DDRAM: DNA Damage Response Assemblies Map
The authors produced DDRAM by applying an integrative multi-omics strategy to identify DDR factors and organize them into a multi-scale, hierarchical map of protein assemblies. DDRAM incorporates a data-driven approach. It assigns data-driven definitions to proteins for whether they are assigned to DDR or not. This is based on applying quantitative and reproducible rules for weighing the strength of the experimental evidence. The assemblies to which DDR proteins are assigned are themselves identified by quantitative and reproducible rules. This enables DDRAM to include understudied proteins. The next advantage of DDRAM over others is that it is scalable. Hence, incorporating future large-scale experiments would be possible in an automated manner.
DDRAM was able to define a network of DDR protein interactions. The authors also achieved the multi-scale organization of DDR proteins into 109 assemblies. They found that DDR assemblies were associated with specific dependencies to genotoxic stress. The DDR proteins were validated with specific readouts of repair.
Limitations of DDRAM
The generation of DDRAM is not free from bias. A major bias lies in the selection of the 21 proteins which were targeted by the affinity purification MS (AS-MS). These targeted experiments are backstopped by the multi-omics data. The choice of DNA damaging agent also introduces further bias.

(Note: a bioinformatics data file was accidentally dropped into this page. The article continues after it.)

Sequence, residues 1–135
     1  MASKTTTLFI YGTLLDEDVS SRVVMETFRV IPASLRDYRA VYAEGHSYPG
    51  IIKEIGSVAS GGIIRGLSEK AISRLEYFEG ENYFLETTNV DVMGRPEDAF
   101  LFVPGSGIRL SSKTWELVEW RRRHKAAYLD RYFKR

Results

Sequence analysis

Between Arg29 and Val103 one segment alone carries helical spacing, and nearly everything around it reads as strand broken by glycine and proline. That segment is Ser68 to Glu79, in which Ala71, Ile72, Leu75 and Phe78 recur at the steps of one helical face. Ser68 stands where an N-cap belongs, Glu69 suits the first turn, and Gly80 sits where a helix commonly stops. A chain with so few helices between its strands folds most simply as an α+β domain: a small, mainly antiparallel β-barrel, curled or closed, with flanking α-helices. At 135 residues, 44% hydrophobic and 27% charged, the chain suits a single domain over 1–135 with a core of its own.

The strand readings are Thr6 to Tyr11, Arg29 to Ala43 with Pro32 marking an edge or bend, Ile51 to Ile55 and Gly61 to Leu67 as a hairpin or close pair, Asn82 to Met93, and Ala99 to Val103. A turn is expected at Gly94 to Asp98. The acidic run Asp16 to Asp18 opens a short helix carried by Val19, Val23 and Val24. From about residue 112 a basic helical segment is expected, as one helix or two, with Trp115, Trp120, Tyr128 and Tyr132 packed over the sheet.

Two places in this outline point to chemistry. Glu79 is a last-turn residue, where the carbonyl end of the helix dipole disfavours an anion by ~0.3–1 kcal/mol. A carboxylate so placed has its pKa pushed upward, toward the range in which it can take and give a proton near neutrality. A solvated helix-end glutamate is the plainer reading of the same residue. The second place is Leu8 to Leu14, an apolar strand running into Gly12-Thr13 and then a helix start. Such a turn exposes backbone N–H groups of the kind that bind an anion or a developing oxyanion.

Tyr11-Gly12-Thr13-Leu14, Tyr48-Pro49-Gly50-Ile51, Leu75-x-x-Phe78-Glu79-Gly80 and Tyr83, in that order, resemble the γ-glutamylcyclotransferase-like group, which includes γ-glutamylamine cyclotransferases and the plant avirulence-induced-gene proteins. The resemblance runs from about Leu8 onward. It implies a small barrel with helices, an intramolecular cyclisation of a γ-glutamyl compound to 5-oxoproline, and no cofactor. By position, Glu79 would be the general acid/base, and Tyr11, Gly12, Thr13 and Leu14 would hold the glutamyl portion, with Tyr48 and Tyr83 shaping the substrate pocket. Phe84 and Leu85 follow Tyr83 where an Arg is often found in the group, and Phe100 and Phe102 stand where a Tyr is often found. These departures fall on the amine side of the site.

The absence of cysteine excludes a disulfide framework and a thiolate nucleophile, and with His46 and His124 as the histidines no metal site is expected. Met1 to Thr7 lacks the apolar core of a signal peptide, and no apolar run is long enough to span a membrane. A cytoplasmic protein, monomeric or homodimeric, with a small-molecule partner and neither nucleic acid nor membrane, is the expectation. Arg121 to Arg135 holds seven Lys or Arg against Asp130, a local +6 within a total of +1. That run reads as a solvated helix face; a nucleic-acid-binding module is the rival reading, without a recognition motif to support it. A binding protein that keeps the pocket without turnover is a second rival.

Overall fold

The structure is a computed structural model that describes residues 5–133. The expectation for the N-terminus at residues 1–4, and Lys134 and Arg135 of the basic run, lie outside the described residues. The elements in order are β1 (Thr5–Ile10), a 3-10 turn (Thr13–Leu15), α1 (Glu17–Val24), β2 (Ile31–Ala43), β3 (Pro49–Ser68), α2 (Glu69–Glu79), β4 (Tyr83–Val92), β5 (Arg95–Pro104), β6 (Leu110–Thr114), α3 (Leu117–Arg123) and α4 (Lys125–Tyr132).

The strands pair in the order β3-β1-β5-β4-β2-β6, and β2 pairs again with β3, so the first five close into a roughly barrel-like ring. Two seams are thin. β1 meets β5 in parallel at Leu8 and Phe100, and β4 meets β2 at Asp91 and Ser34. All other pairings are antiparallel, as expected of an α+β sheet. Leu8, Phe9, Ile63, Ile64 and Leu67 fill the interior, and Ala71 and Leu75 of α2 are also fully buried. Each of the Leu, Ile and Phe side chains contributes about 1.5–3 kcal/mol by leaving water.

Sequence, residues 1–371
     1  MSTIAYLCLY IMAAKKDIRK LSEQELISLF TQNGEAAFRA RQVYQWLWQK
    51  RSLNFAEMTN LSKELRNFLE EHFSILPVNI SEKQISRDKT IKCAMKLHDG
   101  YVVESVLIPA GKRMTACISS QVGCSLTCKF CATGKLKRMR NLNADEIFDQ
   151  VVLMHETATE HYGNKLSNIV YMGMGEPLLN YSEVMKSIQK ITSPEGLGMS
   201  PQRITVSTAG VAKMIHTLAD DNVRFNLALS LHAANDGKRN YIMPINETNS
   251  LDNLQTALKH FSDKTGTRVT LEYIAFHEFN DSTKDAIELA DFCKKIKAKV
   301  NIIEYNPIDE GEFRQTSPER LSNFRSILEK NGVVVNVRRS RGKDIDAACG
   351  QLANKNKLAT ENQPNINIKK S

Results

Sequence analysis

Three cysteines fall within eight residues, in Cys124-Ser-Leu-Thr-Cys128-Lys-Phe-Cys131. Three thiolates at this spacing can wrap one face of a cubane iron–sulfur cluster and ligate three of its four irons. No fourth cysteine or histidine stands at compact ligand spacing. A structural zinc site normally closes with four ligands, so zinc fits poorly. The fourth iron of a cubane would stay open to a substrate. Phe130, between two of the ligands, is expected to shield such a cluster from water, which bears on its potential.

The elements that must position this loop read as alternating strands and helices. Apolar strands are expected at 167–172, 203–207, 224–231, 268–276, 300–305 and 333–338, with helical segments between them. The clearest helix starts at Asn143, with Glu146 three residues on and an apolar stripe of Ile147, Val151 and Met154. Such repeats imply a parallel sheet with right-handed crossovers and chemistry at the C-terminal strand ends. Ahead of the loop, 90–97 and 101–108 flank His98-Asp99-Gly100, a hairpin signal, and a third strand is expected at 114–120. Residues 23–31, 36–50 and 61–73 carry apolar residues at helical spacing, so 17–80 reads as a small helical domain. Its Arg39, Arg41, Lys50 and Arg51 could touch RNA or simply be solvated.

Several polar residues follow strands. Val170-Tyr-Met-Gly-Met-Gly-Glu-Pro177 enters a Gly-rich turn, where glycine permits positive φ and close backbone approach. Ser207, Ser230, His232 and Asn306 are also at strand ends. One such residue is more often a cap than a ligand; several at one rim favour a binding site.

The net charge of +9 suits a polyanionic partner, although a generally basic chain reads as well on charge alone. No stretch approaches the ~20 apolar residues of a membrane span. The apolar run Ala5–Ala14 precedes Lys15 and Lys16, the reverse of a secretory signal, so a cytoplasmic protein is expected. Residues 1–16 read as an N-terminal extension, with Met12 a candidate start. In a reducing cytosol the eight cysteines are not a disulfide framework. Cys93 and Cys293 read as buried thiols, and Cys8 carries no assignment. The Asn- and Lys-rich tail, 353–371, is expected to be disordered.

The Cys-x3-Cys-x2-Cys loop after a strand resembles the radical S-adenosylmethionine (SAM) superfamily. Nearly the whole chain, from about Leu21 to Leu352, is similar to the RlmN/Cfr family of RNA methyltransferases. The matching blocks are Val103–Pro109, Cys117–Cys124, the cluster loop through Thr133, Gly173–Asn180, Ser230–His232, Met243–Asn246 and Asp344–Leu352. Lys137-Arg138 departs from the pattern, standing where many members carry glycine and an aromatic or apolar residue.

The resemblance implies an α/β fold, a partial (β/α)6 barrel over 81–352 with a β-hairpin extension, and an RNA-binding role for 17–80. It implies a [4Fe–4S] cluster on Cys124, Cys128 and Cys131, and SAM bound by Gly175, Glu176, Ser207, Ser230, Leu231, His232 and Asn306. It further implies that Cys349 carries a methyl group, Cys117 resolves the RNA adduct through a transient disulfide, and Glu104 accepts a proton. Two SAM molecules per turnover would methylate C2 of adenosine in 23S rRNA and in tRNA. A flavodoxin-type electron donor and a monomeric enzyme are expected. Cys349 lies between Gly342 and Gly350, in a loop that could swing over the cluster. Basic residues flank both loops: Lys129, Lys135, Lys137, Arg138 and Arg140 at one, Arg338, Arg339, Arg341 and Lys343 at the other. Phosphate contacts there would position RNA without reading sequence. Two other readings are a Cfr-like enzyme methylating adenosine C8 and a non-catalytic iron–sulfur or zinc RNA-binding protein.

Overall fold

The DNA damage response map, DDRAM, is a proteomics-driven map of assemblies. The canonical repair mechanisms recovered by the map are validated by physical and functional assays. With the 21 DDR factors-centered approach, the authors were able to organize 605 proteins into a multi-scale and hierarchical map of 109 assemblies. This is indeed a huge improvement to the previous reference maps and will further aid in cancer treatment, given that cancer therapy is significantly linked to DDR. With improved technology, the DDRAM framework could be further extended and generalized, thereby providing a template for the construction of multi-scale maps for other diseases. DDRAM is yet another remarkable and groundbreaking methodology based on a machine-learning approach implying the increasing utility of a machine-learning-based paradigm for addressing biological questions.
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Banhita is a consulting scientific writing intern at CBIRT. She's a mathematician turned bioinformatician. She has gained valuable experience in this field of bioinformatics while working at esteemed institutions like KTH, Sweden, and NCBS, Bangalore. Banhita holds a Master's degree in Mathematics from the prestigious IIT Madras, as well as the University of Western Ontario in Canada. She's is deeply passionate about scientific writing, making her an invaluable asset to any research team.